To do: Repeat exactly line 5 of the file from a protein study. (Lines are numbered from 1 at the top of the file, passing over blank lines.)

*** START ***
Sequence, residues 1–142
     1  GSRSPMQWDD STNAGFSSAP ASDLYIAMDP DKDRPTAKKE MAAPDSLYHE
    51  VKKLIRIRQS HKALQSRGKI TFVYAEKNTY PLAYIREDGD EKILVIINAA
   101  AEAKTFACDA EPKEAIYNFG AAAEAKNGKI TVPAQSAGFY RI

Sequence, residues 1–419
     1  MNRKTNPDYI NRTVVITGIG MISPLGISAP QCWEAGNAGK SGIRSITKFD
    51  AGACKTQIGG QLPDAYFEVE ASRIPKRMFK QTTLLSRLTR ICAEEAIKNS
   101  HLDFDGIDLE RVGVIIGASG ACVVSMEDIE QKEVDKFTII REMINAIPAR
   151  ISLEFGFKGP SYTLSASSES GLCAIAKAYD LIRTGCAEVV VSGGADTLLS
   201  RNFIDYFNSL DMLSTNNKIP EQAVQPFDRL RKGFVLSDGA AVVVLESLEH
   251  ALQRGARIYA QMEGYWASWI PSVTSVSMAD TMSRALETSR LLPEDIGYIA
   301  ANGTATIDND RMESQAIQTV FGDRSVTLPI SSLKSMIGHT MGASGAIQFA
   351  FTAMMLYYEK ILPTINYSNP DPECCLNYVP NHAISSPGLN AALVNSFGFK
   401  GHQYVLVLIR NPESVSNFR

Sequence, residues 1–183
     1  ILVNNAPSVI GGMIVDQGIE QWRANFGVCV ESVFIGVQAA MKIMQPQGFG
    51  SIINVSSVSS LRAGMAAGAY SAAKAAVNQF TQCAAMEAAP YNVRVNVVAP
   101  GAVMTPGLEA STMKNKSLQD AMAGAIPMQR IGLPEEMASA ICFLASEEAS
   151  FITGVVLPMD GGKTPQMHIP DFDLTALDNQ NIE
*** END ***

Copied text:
Sequence, residues 1–419